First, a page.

One recent loss was against the same opponent, in Wijk aan Zee this year, but Caruana wouldn't be Caruana if he'd steer away from main lines. This time around it was an interesting game where he won a pawn, but Black got enough compensation.

Caruana and MVL enjoying their post-mortem.

GM Anish Giri and GM Hikaru Nakamura played a very theoretical game; an Archangelsk Ruy Lopez that deviated from Shankland-Sevian, St. Louis 2015 only on move 22. It was Giri who was slightly better in the ending, but Nakamura is playing quite solidly so far in Norway and also in this game he did well.

A theoretical Archangelsk in Giri-Nakamura.

GM Alexander Grischuk defeated GM Jon Ludvig Hammer in an English Opening after an interesting experiment: putting the king's knight on h3. Hammer's response with ...g5 was similar to lines in the Sicilian, and then Grischuk duly moved his knight back to g1!

It was a rather provocative setup, and when Grischuk continued by trading his g2-bishop for a knight on c6, the phrase don't try this at home came to mind. Hammer decided to trade all light pieces and then the pawn structure of both players was damaged.

In the resulting double-rook ending Grischuk was a pawn up, and converted the point with good technique.

Grischuk is back to 50 percent after beating Hammer.

Norway Chess 2015 | Pairings & Results

Round 1 16.06.15 16:00 CET   Round 2 17.06.15 16:00 CET
Giri 1-0 Grischuk   Grischuk ½-½ Aronian


Caruana   Hammer ½-½ Vachier-Lagrave
Carlsen 0-1 Topalov   Topalov ½-½ Nakamura
Nakamura 1-0 Hammer   Caruana 1-0 Carlsen
Vachier-Lagrave 1-0 Aronian   Giri ½-½ Anand
Round 3 18.06.15 16:00 CET   Round 4 19.06.15 16:00 CET
Anand ½-½ Grischuk   Grischuk 1-0 Hammer
Carlsen ½-½ Giri   Topalov 1-0 Aronian
Nakamura 1-0 Caruana   Caruana ½-½ Vachier-Lagrave
Vachier-Lagrave 0-1 Topalov   Giri ½-½ Nakamura
Aronian ½-½ Hammer   Anand 1-0 Carlsen
Round 5 21.06.15 16:00 CET   Round 6 22.06.15 16:00 CET
Carlsen - Grischuk   Grischuk - Topalov
Nakamura - Anand   Caruana - Hammer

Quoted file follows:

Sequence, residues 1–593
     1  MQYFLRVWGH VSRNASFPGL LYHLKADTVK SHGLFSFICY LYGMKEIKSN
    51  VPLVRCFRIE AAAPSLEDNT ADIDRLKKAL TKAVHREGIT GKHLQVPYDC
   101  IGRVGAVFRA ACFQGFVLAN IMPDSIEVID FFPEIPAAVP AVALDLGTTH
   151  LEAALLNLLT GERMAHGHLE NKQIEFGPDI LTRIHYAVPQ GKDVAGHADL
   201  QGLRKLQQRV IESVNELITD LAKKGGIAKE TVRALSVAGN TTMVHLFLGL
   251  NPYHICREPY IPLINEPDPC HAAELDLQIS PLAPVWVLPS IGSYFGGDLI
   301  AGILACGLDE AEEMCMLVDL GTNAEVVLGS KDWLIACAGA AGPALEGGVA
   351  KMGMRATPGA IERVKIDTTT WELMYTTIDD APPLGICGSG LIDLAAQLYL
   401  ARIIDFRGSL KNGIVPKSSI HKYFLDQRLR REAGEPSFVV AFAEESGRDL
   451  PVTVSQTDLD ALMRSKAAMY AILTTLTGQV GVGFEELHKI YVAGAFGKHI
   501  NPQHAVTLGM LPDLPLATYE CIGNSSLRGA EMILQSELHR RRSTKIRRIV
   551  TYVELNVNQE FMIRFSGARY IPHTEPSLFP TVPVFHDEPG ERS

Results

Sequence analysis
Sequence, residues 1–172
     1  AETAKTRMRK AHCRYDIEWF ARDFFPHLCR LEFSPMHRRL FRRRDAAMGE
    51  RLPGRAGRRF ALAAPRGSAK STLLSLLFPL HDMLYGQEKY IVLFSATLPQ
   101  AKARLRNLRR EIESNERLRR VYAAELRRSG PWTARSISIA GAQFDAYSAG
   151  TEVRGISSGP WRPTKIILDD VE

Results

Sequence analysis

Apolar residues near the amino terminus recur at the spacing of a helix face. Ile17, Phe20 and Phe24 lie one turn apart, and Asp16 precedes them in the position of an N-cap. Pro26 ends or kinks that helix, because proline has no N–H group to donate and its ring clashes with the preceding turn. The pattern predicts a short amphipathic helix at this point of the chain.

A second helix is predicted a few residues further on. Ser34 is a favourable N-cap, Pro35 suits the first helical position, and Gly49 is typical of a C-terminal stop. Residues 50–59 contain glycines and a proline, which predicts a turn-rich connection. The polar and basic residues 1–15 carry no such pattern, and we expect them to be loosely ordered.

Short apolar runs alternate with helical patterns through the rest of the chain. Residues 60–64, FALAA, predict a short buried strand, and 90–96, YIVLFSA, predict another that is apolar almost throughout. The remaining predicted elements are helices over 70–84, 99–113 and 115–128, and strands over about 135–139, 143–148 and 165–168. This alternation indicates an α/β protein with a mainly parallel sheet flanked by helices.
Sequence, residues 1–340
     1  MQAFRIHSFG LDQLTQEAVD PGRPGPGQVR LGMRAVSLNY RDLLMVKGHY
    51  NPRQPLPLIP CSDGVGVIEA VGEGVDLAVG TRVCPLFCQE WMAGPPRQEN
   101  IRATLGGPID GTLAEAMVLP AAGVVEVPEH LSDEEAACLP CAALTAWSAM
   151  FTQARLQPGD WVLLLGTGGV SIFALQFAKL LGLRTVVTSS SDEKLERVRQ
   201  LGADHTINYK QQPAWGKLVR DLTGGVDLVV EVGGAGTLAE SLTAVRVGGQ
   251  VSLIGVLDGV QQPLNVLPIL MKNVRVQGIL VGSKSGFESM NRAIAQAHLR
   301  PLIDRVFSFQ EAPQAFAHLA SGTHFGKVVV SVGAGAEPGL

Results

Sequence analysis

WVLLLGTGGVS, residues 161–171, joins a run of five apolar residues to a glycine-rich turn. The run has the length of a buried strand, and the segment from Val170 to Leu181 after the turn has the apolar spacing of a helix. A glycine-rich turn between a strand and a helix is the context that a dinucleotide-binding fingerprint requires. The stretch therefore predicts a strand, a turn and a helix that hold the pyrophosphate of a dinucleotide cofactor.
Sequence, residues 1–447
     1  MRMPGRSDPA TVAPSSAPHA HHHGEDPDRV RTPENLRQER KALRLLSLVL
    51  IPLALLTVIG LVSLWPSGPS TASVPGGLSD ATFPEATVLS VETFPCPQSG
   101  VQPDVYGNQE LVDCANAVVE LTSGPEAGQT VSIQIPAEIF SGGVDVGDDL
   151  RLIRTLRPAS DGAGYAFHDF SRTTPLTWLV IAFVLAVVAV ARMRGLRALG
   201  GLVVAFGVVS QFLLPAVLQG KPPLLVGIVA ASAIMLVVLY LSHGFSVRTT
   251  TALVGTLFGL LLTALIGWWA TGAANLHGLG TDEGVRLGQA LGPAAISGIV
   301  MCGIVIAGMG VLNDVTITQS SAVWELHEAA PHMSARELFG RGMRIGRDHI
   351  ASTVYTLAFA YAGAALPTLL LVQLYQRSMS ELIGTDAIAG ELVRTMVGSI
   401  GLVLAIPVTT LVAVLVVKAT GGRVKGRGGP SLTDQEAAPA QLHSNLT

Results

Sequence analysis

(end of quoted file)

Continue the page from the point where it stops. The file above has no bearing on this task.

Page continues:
Vachier-Lagrave - Giri   Giri - Aronian
Aronian - Caruana   Anand - Vachier-Lagrave
Hammer   Topalov   Carlsen - Nakamura
Round 7 23.06.15 16:00 CET   Round 8 24.06.15 16:00 CET
Nakamura - Grischuk   Grischuk - Caruana
Vachier-Lagrave - Carlsen   Giri - Topalov
Aronian - Anand   Anand - Hammer
Hammer - Giri   Carlsen - Aronian
Topalov - Caruana   Nakamura - Vachier-Lagrave
Round 9 25.06.15 15:00 CET        
Vachier-Lagrave - Grischuk        
Aronian - Nakamura        
Hammer - Carlsen        
Topalov - Anand        
Caruana - Giri        

This is what the playing hall looked like today.

2015 Norway Chess | Round 4 Standings

# Name Rtg Perf 1 2 3 4 5 6 7 8 9 0 Pts SB
1 Topalov,V 2798 3133 phpfCo1l0.png ½ 1 1 1 3.5/4
2 Nakamura,H 2802 2954 ½ phpfCo1l0.png ½ 1 1 3.0/4
3 Giri,A 2773 2904 ½ phpfCo1l0.png ½ 1 ½ 2.5/4 5.00
4 Anand,V 2804 2897 ½ phpfCo1l0.png ½ ½ 1 2.5/4 3.75
5 Caruana,F 2805 2802 0 ½ phpfCo1l0.png ½ 1 2.0/4 2.75
6 Grischuk,A 2781 2759 0 ½ phpfCo1l0.png ½ 1 2.0/4 2.75
7 Vachier-Lagrave,M 2723 2765 0 ½ phpfCo1l0.png 1 ½ 2.0/4 2.50
8 Aronian,L 2780 2554 0 ½ 0 phpfCo1l0.png ½ 1.0/4 1.50
9 Hammer,JL 2677 2581 0 0 ½ ½ phpfCo1l0.png 1.0/4 1.50
10 Carlsen,M 2876 2457 0 ½ 0 0 phpfCo1l0.png 0.5/4

The Norway Chess tournament runs June 15-26 in the Stavanger region. | Games via TWIC phpfCo1l0.png
No time to watch the games live? No problem! The Norway Chess tournament is covered on with a daily recap show that runs 1.5 hours. The games will be analyzed and there's video material by Peter Doggers, who is covering the tournament from Stavanger. The show starts each day at 11 p.m. Central European time, 5 p.m. New York, 2 p.m. Pacific.